For anyone who experiences a sewer there can be no words to express the filth and the smell, but above ground civilization would be swimming in its own filth if the sewers were not created to remove the waste that they create.
As such the universe is very accommodating when it comes to the greed and the lust humans focus on. We will kill for our right to lust.

Personally, I have experienced a much brighter side to humanity. Earth is one small planetary sphere in the universe of over 400 billion galaxies and for some planetary civilizations, in comparison, Earth is a toilet, and to others a paradise.
This is reflected in our own neighborhoods. There are people who have no homes and no income to buy food, and then there are those with food and shelter who could care less about the ones who are without food. We are a perfect example of choice and of the intelligence that exists within creation and choice. We reflect ourselves and our ability to evolve perfectly.

Quote:

If great men, such as Buddha, Gandhi, Bucky Fuller, etc. are capable of tolerance and compassion, then shouldn't god be?

It is because God is, that these men are what they are.
_________________________
I was addicted to the Hokey Pokey, but then I turned myself around!!





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#26823 - 06/22/08 09:40 PM Re: Philosophy of Religions--all religions, includ [Re: Tutor Turtle]
Anonymous
Unregistered


Ok, my first post actually pointed out that this doesn't apply to interpretationalists. Basically, nothing said really makes any sense. Your operating on an entirely subjective set of points. Of course if I paint my own beleifs and decide to beleive them, I would think they make sense. Unfortunately, they really don't.

The fact that you think that you've answered the prob of evil, with a quick email reply, when its been a major philosophical quandry for generations says it all. The majority of people here really have no want to discuss, but rather to force feed their own little gods on others. You did'nt really answer even one of my questions.

""Humans wouldn't be free to evolve or to choose if God intervened in every thing humans did."" Obviously a very poor arguement. Its more difficult for people to evolve and choose, when they are burning in hell for all eternity. God isn't punishing to teach, but to cause suffering. This is directly biblical. You don't teach a dog not to pee on the carpet by beating them to death.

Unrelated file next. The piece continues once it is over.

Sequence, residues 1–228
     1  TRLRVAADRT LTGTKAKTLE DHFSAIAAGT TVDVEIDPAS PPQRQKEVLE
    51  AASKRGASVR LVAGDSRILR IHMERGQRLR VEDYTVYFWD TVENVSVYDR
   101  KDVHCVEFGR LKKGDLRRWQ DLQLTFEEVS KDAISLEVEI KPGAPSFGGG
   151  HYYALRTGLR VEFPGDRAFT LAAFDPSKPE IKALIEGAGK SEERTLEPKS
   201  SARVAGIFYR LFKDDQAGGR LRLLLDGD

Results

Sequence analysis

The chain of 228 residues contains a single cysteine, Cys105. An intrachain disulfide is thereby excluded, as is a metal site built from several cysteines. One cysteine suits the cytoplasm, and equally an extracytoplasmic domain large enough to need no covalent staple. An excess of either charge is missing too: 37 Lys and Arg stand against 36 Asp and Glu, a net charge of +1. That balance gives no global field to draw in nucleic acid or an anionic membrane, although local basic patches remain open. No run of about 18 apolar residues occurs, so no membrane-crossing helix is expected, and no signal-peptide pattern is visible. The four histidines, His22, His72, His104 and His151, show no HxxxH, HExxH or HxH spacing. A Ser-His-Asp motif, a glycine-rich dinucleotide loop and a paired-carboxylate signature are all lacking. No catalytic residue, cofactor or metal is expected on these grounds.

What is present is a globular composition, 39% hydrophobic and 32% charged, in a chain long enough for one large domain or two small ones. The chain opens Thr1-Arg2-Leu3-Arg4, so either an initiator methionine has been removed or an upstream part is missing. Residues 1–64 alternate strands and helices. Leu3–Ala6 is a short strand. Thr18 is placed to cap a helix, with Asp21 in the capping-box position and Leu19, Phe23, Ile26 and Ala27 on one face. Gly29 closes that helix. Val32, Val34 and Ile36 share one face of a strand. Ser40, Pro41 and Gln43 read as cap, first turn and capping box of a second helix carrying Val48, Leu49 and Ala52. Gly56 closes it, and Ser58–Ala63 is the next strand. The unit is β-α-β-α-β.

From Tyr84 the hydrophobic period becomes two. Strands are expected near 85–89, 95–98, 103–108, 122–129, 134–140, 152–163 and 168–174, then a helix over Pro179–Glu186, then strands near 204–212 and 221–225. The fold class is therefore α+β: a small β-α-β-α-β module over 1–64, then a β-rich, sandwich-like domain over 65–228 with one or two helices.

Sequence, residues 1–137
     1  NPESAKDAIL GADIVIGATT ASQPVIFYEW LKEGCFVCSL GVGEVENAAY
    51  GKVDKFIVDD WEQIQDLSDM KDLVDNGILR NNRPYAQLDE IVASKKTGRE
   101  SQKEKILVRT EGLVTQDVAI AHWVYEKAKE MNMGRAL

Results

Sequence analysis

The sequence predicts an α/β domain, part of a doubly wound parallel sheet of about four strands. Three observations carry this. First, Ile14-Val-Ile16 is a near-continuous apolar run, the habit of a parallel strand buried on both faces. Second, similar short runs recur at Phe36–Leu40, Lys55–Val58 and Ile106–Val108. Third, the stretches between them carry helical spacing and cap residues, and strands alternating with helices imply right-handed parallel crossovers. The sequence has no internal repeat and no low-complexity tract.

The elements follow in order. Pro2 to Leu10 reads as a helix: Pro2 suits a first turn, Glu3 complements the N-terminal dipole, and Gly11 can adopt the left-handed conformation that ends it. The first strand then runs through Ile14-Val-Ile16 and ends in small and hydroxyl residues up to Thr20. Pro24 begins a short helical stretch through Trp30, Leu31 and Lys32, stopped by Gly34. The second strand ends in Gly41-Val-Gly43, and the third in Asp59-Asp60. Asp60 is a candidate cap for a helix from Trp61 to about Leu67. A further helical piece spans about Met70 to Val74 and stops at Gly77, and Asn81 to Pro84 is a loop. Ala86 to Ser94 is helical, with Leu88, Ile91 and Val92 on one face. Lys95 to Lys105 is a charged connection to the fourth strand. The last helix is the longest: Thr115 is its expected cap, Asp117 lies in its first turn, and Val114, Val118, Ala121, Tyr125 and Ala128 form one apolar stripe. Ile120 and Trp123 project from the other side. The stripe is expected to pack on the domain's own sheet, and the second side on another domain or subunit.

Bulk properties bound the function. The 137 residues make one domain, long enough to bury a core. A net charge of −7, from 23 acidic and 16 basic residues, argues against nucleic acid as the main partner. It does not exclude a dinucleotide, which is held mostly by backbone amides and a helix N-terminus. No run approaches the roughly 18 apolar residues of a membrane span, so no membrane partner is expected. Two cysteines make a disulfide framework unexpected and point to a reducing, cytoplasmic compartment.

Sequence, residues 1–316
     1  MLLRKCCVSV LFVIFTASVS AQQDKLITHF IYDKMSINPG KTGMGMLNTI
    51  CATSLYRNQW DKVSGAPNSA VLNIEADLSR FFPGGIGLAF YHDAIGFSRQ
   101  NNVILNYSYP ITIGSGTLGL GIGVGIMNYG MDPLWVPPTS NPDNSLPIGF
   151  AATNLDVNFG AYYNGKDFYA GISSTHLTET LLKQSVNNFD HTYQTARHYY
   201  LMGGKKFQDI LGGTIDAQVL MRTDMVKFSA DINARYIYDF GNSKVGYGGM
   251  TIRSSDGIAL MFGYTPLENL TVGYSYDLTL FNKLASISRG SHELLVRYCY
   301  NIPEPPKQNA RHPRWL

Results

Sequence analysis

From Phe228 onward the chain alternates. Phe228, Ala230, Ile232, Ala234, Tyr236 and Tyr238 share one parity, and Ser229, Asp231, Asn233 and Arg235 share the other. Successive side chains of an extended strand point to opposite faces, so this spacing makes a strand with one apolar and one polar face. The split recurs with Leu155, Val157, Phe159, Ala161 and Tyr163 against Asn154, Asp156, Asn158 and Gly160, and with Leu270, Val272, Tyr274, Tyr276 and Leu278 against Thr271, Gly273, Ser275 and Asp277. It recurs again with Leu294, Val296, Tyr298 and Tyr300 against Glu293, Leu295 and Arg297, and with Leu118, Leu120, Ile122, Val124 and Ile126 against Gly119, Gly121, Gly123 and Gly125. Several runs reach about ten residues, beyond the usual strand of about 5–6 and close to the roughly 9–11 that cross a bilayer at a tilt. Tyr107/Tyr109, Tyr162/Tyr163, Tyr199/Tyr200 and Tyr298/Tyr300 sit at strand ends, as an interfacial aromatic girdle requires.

"" Anybody can learn to play a piano but not everyone does. The reason being is that not everyone wants to learn nor wants to invest themselves in the discipline it takes to learn to play.""

Also an incredibly egocentric statement. So, the reason I don't beleive in god is because I lack discipline, or don't want to? How about I've spent years in pursuit. I've praid, fasted, meditated, waited, chanted, and put myself through many painful ascetic practices in pursuit of god. I've tried harder than most christians ever do. I'm sure that I understand both the contents and the history of the Bible better than most here, with some exceptions. Still isn't a logically sound, nor moral way to live.
Your just repeating the same old, same olds, mixed up with a few new ager terms.
I have a new question. Why? Why do you beleive these things?

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#26824 - 06/22/08 10:10 PM Re: Philosophy of Religions--all religions, includ [Re: Anonymous]
Revlgking Offline
Megastar

Registered: 01/17/07
Posts: 2311
Loc: markham (Thornhill), Ontario, ...
Anonymous:
Are you a moral, ethical and loving human being, like are all humane theists, and atheists?

If so, what is the problem?

BTW, Anon, I have little idea as to what you mean when you write:
Quote:
Still isn't a logically sound, nor moral way to live.
Your just repeating the same old, same olds, mixed up with a few new ager terms.

I have a new question. Why? Why do you believe these things?


Edited by Revlgking (06/22/08 10:14 PM)
_________________________
G~O~D--Now & ForeverIS:Nature, Nurture & PNEUMA-ture, Thanks to Warren Farr&ME AT www.unitheist.org

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#26825 - 06/22/08 10:14 PM Re: Philosophy of Religions--all religions, includ [Re: Revlgking]
Revlgking Offline
Megastar

Registered: 01/17/07
Posts: 2311
Loc: markham (Thornhill), Ontario, ...
TT:
Please, summarize your last post. Or is it possible?
_________________________
G~O~D--Now & ForeverIS:Nature, Nurture & PNEUMA-ture, Thanks to Warren Farr&ME AT www.unitheist.org

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#26827 - 06/23/08 01:40 AM Re: Philosophy of Religions--all religions, includ [Re: Anonymous]
Tutor Turtle Offline
Megastar

Registered: 06/19/08
Posts: 1249
Loc: Everywhere and nowhere
Quote: